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News For and About Kids

Key: Meeting M      Journal J      Funder F

Showing releases 1041-1050 out of 1127.

<< < 100 | 101 | 102 | 103 | 104 | 105 | 106 | 107 | 108 | 109 > >>

Public Release: 14-Mar-2005
Current Biology
Rhesus monkeys reason about perspectives of others in obtaining food
Rhesus monkeys consider whether someone can or cannot see them when trying to steal food, indicating they have the ability to reason.

Contact: Jacqueline Weaver
jacqueline.weaver@yale.edu
203-432-8555
Yale University

Public Release: 14-Mar-2005
American Chemical Society 229th National Meeting
Ability to detect explosives boosted one thousand-fold by new device
New technology developed at the University of Arizona makes explosive-detection devices about 1,000 times more sensitive than the equipment currently used in airports.
US Department of Energy

Contact: Jeff Harrison
jeffh@u.arizona.edu
520-621-1877
University of Arizona

Public Release: 11-Mar-2005
International Conference on Robotics and Automation
Artificial antenna helps 'cockroach robot' scurry along walls
Can a robot learn to navigate in the dark like a cockroach? A Johns Hopkins engineering undergrad, working in his professor's robotics lab, has built a flexible, sensor-laden antenna to make it possible.
Johns Hopkins University

Contact: Phil Sneiderman
prs@jhu.edu
443-287-9960
Johns Hopkins University

Public Release: 11-Mar-2005
Science
Domesticated pig's wild origin mapped
Scientists from the Uppsala University and the Swedish University for Agricultural Sciences worked together to map the wild origins of the domesticated pig. The findings show that the wild boar was domesticated several times in different parts of Europe and Asia. The study is being presented in today's issue of the scientific journal Science.

Contact: linda.nohrstedt@uadm.uu.se
linda.nohrstedt@uadm.uu.se
46-184-712-260
Swedish Research Council

Public Release: 10-Mar-2005
American Journal of Infection Control
Study: Soap and water work best in ridding hands of disease viruses
The largest, most comprehensive study ever done comparing the effectiveness of hand hygiene products shows that nothing works better in getting rid of disease-causing viruses than simply washing one's hands with good old-fashioned soap and water.

Contact: David Williamson
919-962-8596
University of North Carolina at Chapel Hill

Public Release: 10-Mar-2005
Double volcanic eruption in Eastern Russia
Acquired from orbit 800 kilometres away, this Envisat image shows two volcanoes erupting simultaneously on Russia's snowy Kamchatka Peninsula this week.

Contact: Mariangela D'Acunto
mariangela.dacunto@esa.int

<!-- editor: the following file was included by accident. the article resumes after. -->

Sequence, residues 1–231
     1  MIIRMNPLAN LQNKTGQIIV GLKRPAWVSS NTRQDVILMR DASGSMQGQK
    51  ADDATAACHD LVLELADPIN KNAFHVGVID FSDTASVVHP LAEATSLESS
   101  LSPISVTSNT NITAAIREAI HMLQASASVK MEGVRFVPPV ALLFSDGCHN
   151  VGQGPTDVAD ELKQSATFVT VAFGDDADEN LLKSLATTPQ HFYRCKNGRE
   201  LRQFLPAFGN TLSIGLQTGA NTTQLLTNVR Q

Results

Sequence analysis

39-069-418-0856
European Space Agency

Public Release: 10-Mar-2005
Journal of Great Lakes Research
Aggressive aquatic species invading Great Lakes
Foreign species, such as zebra mussels and carp, are invading the Great Lakes and changing the ecology of this vital ecosystem. A study from McMaster University published in the March issue of the Journal of Great Lakes Research suggests that for the round goby, a recently introduced fish species, their ability to wrest territory from native fish plays a key role in their dominance of the Great Lakes.
Natural Sciences and Engineering Research Council of Canada

Contact: Julia Thomson
thomsoj@mcmaster.ca
90-552-591-402-2869
McMaster University

Public Release: 10-Mar-2005
New Journal of Physics
Black holes influence knowledge of the universe
Black holes have a reputation for voraciously eating everything in their immediate neighborhood, but these large gravity wells also affect electromagnetic radiation and may hinder our ability to ever locate the center of the universe, according to an international research team.

Contact: A'ndrea Elyse Messer
aem1@psu.edu
814-865-9481
Penn State

Public Release: 10-Mar-2005
Fractured leg bone not the end of Tutankhamen mystery
Original X-rays of Tutankhamen's body, taken by scientists at the University of Liverpool, could throw new light on the mystery of the young King's death.

Contact: Samantha Martin
samantha.martin@liverpool.ac.uk
44-151-794-2248
University of Liverpool

Public Release: 10-Mar-2005
Anatomical Record Part B: The New Anatomist
Neanderthal reconstructed
Anthropologists have constructed the world's first complete articulated Neanderthal skeleton to expand public and scientific understanding of the group, as well as of the differences between Neanderthals and modern humans.

Contact: David Greenberg
dgreenbe@wiley.com
201-748-6484
Wiley

Showing releases 1041-1050 out of 1127.

<< < 100 | 101 | 102 | 103 | 104 | 105 | 106 | 107 | 108 | 109 > >>

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